You would have a sovereign Lord offer salvation to dead sinners? Can we resist God's will?

    But God does not offer. He proclaims, through the means of the preaching, his free and complete Gospel of salvation to His people. Nothing of us, all of Christ. Because if we had to depend on an offer, we would still be in our sins.
     
  27. AV1611

    AV1611 Puritan Board Senior

    :amen: brother :amen:
     
  28. JOwen

    JOwen Puritan Board Junior

    It is easy brother, because he did teach it as 2 Peter 3:9 indicates (among many others). Agree or disagree with Calvin on this fact is not my point (I happen to think Calvin missed the point of context myself on 2 Peter 3:9). My point IS that the PRC in no place deals with the plain facts of Calvin. This is all I'm saying. The sieve of their brand of Supralapsarianism has left a biblical-theological chasm for many texts that are filled with word-play and inherent propensity to rationalism. Let the text speak! I say wherever we find these texts they need to be understood in their anthropromorphic sense in relation to the whole counsel of Scripture, not simply to Romans 9. We do not believe that there is some great contradiction in God's will. God does not desire the salvation of those that are forever lost. However, to leave men without excuse the LORD comes to all hearers with the universal call. Don't confuse me with the Murray/Stonehouse group that say that God desires the salvation of those he has left in their sins. This is the general broad brush that all opponents of the well meant offer are painted with. What I am saying is the language of the Word, and subsequently of Calvin, is that God has a general love for the human race that will terminate on the reprobate. It is a non-calvific love according to the decree that differs from the salvific love for the elect.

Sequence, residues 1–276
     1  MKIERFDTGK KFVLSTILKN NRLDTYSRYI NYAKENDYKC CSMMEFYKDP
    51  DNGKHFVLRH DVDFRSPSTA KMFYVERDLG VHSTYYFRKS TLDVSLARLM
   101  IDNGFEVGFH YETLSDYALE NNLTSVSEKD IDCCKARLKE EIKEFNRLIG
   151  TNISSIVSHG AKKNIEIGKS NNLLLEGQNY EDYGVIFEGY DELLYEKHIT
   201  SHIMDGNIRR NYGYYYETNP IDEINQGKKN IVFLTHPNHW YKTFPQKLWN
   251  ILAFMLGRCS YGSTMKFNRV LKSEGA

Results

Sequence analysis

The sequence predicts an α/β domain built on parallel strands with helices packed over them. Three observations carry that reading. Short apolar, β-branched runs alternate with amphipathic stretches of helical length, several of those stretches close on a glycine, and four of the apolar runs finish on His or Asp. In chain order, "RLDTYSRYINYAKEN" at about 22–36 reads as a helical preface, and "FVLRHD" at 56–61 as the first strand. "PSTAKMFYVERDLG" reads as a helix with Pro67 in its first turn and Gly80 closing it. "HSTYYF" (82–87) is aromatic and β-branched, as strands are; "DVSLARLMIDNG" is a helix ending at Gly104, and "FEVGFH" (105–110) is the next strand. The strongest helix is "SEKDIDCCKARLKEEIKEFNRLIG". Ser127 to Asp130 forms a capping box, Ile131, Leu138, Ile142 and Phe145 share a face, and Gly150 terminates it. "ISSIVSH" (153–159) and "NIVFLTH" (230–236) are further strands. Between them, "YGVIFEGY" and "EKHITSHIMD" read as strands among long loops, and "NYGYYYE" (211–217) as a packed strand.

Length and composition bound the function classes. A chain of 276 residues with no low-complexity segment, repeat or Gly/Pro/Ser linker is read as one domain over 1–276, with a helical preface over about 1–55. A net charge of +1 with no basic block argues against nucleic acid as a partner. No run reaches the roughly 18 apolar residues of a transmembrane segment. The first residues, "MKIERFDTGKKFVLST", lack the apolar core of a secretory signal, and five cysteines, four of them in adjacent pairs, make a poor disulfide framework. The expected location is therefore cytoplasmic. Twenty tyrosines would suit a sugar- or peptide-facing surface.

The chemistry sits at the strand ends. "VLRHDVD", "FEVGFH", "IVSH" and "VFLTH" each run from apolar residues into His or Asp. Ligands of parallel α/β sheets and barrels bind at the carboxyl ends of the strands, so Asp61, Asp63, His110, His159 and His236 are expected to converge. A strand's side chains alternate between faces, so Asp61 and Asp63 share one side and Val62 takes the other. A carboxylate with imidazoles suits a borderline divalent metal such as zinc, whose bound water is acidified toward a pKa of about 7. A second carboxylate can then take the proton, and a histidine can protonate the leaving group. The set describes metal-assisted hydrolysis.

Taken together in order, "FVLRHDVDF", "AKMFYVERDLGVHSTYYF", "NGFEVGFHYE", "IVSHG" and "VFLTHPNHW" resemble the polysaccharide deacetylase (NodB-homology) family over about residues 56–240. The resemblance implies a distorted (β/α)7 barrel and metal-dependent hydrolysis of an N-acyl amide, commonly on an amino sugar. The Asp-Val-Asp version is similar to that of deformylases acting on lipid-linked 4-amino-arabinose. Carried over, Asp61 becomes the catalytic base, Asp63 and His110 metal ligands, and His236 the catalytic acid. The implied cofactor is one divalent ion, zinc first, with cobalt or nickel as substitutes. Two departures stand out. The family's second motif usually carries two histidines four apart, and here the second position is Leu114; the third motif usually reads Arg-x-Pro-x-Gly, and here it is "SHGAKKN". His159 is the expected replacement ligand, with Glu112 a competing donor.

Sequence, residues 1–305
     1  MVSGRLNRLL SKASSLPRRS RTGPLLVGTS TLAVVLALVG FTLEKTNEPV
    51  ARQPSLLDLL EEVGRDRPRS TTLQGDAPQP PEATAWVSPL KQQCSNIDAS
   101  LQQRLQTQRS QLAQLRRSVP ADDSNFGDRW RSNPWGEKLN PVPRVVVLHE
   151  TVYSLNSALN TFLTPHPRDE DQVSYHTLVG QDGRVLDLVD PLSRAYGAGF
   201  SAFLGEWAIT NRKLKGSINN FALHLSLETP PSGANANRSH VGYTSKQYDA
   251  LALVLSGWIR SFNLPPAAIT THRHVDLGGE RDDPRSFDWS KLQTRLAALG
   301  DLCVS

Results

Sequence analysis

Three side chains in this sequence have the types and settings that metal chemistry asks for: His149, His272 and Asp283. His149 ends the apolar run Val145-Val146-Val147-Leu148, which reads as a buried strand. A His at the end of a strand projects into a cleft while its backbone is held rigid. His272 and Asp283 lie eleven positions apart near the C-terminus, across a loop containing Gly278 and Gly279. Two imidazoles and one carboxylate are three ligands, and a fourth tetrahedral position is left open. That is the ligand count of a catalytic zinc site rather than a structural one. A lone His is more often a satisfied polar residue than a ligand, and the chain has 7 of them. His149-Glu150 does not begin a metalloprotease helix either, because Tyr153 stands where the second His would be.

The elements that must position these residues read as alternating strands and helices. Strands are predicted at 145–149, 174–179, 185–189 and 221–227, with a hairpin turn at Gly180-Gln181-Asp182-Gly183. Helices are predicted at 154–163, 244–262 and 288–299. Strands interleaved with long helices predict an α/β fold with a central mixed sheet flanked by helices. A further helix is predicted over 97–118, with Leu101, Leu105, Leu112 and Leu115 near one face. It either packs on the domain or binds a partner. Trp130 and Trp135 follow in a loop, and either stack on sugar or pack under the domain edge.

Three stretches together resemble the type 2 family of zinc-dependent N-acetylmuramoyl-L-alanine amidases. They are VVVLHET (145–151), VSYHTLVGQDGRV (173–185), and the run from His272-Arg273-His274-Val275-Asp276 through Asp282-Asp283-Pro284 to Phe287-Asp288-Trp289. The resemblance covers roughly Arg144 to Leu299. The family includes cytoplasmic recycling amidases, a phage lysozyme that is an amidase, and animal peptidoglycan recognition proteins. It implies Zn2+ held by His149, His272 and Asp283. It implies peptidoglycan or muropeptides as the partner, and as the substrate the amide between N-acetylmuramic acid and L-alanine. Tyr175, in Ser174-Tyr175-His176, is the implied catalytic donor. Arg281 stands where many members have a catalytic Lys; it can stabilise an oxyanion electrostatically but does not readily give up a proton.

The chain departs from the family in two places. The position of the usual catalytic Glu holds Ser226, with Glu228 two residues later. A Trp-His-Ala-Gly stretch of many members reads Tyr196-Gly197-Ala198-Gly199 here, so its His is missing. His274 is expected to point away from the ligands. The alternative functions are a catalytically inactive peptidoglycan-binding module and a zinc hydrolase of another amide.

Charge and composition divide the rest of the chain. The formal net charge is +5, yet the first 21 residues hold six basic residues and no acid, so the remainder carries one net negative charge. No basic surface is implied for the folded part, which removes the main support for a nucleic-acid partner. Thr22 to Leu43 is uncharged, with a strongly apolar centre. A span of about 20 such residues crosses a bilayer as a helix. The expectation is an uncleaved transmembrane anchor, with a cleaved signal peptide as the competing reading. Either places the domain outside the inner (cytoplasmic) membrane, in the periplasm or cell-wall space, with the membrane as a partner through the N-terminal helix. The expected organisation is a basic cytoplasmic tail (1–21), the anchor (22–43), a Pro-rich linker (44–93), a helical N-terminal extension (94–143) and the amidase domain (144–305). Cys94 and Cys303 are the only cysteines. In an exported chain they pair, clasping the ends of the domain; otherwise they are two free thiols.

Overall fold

This is where I believe you are missing the point. I see here in Calvin a nondiscriminating love that is not salvific for the reprobate. It is a lesser love than the love for the elect, and would seem to terminate upon the temporal object of wrath. Calvin indicates that this is not an ardent and eternal love for those who are not elect, but a temporal condescending love found in His own (albeit marred) image in them. It is a love nonetheless.

    Says you and the PRC. The Word and history say different. This is why the PRC is deemed hyper in so many eyes; a denial of the well meant offer, EVEN, though God has not decreed the salvation to all, desperately afraid of some eternal contradiction in God. The PRC needs to stop looking at everything through the disaffected glasses of the CRC tumult.
    Calvin taught the free offer, he taught a general non saving love, so did the Puritans, and the Westminster Divines, and all sound and orthodox Christians.